I’ve been lusting after a British Short Back PLCE military bergen for about 9 months now. Just a clarification of terms, “bergen” means the same as backpack. PLCE stands for Personal Load Carrying Equipment. Think of it as the British equivalent of our old ALICE system. I’ve tried everything to replicate on, from a medium alice to a ILBE Marine pack. Nothing has worked quite like I wanted to. The ILBE is just too damn long, meant to be carried like an alpine rucksack and transfer the weight of your load to your hips via its padded hip belt.
The ALICE is decent, but the frame is a bit too long to sit on top of webbing. When I try to The MOLLE II rucksack came close when I shortened it up, but I didn’t care for the external plastic frame. As for the ALICE? Well, I’ve tried a mixture of MOLLE and ALICE parts, including chopping up an ALICE frame. No success just yet. I needed a Short Back PLCE bergen.
However, these bergens are very expensive to import from the UK. I found a surplus British PLCE Bergen available from Billings Army Navy surplus, all the way out in Montana. I called them up and asked if the packs were the Short Back or Long Back versions. They weren’t sure, and couldn’t find any markings on their stock, so I took a chance and ordered one.
With trembling hands, I opened the package. Sadly, this is not a Short Back, but a Long. Short Back bergens have five horizontal ribs of padding on the back. The long back has six. It is not the bergen I was looking for.
It’s important to note that Zach over at Billings Army-Navy had gone the extra mile for me. He had a half-dozen of these packs on hand and I’d requested the shortest, fattest one. He did just as I’d asked, for no extra charge. He went through their stock and picked out the cleanest, shortest, fattest one, including a hand-written note with the order.
The point is to have a short, squat pack that will rest on my MOLLE battle belt the way that British troops’ bergens rest on their webbing. This allows you to carry a large rucksack while still keeping your load-carrying system on you for combat. The bergen resting on your webbing will transfer some of the weight to your hips, but not so much as to push your belt down. The long back version was made for British soldiers who were over 6 feet tall. Since I’m only about 5’8″, I figured I needed a Short Back.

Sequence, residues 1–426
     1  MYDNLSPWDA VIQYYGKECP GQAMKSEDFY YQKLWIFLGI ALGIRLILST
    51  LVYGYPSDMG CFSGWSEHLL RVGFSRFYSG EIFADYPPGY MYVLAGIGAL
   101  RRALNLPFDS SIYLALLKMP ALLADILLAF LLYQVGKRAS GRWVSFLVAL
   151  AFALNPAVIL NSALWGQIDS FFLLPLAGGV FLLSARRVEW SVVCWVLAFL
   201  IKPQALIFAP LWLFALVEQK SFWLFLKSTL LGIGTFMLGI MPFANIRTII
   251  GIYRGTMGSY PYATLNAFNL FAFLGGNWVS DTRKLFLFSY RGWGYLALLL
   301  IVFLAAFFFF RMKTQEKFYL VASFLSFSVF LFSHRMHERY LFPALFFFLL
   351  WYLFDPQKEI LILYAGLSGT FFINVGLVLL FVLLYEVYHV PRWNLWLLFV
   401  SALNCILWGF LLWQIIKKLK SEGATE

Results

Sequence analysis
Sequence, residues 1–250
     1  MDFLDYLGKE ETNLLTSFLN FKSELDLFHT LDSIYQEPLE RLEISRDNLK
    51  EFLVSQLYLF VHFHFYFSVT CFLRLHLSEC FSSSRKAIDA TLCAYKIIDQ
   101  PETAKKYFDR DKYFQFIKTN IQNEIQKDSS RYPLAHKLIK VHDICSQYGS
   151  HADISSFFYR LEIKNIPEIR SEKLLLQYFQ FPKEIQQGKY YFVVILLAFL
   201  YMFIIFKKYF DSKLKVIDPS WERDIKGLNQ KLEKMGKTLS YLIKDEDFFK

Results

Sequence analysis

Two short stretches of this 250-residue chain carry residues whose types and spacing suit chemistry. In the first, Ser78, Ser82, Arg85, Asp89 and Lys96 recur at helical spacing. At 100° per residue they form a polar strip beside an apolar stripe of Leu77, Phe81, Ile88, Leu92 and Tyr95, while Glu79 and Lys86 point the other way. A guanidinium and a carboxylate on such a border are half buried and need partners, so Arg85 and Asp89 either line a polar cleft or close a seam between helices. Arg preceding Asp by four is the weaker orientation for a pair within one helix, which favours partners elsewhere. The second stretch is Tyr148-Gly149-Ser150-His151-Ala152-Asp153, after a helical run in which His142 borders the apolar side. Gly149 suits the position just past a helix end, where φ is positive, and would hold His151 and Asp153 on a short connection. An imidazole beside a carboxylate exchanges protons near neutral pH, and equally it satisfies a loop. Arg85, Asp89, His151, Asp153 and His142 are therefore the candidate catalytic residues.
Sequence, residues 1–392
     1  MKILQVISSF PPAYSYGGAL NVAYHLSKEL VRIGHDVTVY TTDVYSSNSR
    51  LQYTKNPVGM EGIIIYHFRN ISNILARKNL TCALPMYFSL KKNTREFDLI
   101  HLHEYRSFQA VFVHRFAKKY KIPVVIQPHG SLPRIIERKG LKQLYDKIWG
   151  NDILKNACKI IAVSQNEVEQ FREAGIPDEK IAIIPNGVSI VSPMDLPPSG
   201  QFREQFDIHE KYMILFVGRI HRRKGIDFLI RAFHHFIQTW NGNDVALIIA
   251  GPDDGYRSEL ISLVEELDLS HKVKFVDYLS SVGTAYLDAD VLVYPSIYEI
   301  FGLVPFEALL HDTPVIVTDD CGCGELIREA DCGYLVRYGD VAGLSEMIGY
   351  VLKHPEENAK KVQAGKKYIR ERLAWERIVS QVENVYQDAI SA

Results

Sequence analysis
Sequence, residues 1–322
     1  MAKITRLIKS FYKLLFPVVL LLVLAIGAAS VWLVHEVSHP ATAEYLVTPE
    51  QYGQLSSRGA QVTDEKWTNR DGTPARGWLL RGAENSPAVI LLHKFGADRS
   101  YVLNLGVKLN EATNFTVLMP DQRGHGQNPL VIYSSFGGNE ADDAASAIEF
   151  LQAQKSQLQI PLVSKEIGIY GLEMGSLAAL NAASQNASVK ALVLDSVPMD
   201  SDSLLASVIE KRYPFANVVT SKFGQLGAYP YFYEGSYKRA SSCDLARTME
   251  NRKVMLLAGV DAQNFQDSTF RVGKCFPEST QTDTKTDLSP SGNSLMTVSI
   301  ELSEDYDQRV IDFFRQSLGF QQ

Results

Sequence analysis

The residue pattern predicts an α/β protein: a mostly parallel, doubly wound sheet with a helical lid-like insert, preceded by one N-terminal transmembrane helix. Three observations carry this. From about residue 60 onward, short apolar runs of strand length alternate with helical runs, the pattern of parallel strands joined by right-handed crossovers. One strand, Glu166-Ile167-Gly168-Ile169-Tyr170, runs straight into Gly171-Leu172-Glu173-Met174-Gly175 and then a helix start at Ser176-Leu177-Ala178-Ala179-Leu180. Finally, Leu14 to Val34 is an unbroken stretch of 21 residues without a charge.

Now, conjecture is fine, but here at Tactical Gun Review, we rely on actual testing and evaluation.
It’s immediately apparent that this pack has been used. The reason that Zack hadn’t been able to read the tag is that it’s so worn as to be unreadable. There are a few very small patches at the bottom of one side and the stitching on the carry handle at the top of the shoulder straps has seen better days. Not overly concerning, as this pack is built like a tank.
The previous owner’s name and unit, stenciled in black sharpie, have been crossed out. The camouflage pattern, called Disruptive Pattern Material (or DPM), is faded. Well, it is on the main body of the pack.
The side pockets, (also known as “rockets”) are’t faded at all. This is because they’re not British military issue. The ones included are made by Mil-Tec and are not fully compatible with the British PLCE Bergen. The British military Bergen has MOD (Ministry of Defense) standard side-release buckles. They will interface with the newer buckles that come with the Osprey Mk4 armor carrier I recently reviewed. The buckles on the Mil-Tec side pouches don’t work with the British ones, which is a bit of an oversight on Mil-Tec’s part. Seriously, how hard is it to include the correct buckle in your product, so that it’s compatible with the original military issue product?
With a little more research, I found that this combination of reproduction and original is going to be common at pretty much any shop in the United States. Sturm Mil-Tec USA actually imports the rucksacks and then sends them to surplus stores. The picture from their site (showing the brighter-colored side pockets) can be found on other surplus sites. The one site I found that didn’t use the stock image was a shop in Canada, that charges $50 more.